Light-scattering experiments in dye-doped liquid crystals both to determine crystal parameters and to construct consistent neural network empirical physical formulas for scattering amplitudes

YILDIZ N., San S. E. , Polat O.

OPTICS COMMUNICATIONS, vol.284, no.8, pp.2173-2181, 2011 (SCI-Expanded) identifier identifier

  • Publication Type: Article / Article
  • Volume: 284 Issue: 8
  • Publication Date: 2011
  • Doi Number: 10.1016/j.optcom.2010.12.093
  • Journal Indexes: Science Citation Index Expanded (SCI-EXPANDED), Scopus
  • Page Numbers: pp.2173-2181
  • Keywords: Neural network, Scattering amplitude, Liquid crystal, Nonlinear optics
  • Kocaeli University Affiliated: No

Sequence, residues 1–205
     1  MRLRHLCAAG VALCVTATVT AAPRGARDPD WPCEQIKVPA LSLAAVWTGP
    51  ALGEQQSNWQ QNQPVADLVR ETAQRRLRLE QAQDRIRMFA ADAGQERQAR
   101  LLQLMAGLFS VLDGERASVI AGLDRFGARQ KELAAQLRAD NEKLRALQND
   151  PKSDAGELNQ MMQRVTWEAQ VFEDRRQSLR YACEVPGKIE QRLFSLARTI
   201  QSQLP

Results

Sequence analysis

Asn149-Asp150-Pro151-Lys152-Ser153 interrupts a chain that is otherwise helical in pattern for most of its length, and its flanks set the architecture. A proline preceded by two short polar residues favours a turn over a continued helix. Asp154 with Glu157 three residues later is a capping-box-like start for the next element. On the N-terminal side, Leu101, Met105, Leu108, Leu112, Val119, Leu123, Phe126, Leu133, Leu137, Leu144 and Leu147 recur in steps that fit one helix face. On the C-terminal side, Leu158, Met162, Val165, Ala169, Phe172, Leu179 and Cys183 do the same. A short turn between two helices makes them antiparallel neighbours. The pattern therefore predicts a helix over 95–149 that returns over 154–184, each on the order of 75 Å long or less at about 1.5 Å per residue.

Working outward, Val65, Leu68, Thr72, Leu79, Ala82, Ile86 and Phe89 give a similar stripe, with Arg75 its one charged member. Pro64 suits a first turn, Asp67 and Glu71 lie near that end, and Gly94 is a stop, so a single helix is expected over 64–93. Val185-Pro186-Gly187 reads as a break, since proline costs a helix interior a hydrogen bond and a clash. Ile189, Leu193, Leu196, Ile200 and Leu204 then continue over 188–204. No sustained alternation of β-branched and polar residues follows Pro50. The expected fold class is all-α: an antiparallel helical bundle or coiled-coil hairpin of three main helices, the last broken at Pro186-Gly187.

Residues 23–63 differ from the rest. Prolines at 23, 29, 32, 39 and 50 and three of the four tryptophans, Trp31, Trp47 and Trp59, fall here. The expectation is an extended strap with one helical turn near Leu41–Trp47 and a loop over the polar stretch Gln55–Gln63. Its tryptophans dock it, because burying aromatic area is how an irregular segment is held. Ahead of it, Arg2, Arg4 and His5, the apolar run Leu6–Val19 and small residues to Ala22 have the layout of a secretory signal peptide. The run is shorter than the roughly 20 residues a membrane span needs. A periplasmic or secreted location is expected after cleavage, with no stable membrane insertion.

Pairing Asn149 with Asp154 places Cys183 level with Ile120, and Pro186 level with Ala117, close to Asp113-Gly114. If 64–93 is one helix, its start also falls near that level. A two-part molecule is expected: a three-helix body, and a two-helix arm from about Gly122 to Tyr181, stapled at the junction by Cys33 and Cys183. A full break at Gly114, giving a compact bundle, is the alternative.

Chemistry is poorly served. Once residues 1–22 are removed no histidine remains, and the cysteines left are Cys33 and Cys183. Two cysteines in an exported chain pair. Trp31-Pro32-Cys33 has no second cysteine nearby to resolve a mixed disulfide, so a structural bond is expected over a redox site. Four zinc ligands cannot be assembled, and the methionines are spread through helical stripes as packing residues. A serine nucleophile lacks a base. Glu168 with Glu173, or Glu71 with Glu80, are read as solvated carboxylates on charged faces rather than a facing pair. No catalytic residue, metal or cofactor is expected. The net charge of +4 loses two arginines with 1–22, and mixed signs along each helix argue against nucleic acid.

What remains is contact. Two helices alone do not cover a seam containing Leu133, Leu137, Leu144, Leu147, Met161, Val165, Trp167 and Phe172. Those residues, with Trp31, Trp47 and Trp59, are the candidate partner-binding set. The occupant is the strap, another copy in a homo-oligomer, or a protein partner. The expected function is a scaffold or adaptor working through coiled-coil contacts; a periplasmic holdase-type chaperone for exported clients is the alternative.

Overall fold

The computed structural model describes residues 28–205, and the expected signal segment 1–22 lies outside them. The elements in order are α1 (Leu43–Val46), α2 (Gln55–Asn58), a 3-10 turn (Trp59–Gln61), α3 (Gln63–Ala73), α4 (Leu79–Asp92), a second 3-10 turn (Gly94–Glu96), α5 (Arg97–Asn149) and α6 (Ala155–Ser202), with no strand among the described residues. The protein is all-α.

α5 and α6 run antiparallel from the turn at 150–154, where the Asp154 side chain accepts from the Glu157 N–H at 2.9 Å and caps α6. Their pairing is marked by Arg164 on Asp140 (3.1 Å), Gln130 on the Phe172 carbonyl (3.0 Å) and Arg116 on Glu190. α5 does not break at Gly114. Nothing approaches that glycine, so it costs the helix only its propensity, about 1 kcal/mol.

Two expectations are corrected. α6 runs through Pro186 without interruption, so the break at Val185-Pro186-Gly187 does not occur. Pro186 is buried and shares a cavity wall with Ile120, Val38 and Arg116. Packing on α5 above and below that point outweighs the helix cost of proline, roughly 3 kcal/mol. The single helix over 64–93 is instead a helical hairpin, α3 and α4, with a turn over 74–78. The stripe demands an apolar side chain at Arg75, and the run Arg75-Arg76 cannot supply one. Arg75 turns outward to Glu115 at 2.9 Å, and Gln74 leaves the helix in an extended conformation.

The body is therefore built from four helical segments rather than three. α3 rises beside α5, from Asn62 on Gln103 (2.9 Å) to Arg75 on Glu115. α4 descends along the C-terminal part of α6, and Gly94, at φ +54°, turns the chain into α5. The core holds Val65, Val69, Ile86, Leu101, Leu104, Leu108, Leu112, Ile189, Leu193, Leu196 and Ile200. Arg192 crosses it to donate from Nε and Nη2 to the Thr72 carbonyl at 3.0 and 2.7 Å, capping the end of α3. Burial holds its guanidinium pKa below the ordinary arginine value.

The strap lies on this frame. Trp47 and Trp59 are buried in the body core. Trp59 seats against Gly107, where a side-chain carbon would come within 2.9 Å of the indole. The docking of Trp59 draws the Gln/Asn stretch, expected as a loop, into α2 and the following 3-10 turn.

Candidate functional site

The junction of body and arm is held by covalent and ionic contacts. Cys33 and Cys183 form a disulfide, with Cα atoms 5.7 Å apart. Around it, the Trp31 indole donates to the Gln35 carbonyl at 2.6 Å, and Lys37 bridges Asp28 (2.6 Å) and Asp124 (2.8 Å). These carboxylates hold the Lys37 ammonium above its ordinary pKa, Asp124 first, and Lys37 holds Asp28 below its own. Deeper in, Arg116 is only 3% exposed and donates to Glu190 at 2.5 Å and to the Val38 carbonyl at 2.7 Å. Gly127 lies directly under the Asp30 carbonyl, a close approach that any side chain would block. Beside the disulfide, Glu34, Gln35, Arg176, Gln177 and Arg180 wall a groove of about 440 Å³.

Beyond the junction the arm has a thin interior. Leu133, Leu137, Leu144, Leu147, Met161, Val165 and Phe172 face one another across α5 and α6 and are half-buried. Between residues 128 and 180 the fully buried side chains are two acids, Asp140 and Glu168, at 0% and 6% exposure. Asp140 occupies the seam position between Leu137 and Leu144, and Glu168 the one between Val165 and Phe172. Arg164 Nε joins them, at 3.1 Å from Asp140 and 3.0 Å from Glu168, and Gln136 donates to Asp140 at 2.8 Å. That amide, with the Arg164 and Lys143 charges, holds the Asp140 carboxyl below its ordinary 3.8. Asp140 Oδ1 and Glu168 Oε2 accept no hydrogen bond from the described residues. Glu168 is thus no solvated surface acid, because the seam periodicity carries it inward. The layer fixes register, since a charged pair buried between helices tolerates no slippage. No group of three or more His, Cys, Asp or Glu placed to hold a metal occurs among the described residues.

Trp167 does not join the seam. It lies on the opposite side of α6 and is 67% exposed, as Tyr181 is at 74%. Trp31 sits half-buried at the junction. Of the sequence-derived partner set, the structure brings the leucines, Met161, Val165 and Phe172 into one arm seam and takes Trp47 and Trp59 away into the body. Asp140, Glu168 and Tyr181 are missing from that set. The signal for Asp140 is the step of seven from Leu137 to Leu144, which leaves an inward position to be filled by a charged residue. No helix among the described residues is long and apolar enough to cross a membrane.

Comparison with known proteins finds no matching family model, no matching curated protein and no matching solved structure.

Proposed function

The aim of this paper is two-fold. Firstly, static laser light-scattering amplitude measurements in azo-dye doped nematic liquid crystals (NLCs) were made versus scattering angle, temperature and applied bias voltage. Three NLC parameters were determined: the elastic constant ratios K-11/K-22 by regression, phase transition temperatures, and Freedericksz voltages from the graphs. They were all doping ratio dependent. Secondly, as a novel approach, by a nonlinear universal function approximator layered feedforward neural network (LFNN) we constructed an explicit form of empirical physical formulas (EPFs) for theoretically unknown nonlinear azo-dye doped NLC scattering amplitude functions. Excellent LFNN test set (i.e. yet-to-be measured experimental data) predictions prove that the constructed LFNN-EPPs estimate unknown amplitude functions consistently. The LFFN-EPFs, too, confirmed the doping-ratio dependency. Also, comparing LFNN and regression amplitude fits, the LFNN fits were significantly better. In conclusion, physical laws embedded in the physical data can be consistently extracted by LFNN. One major potential application in the nonlinear optics domain is that these LFNN-EPFs, by differentiation, integration, minimization, etc., can be used to obtain further NLC scattering amplitude related molecular structural physical quantities. This could in turn help us to develop new nonlinear optical materials. (C) 2011 Elsevier B.V. All rights reserved.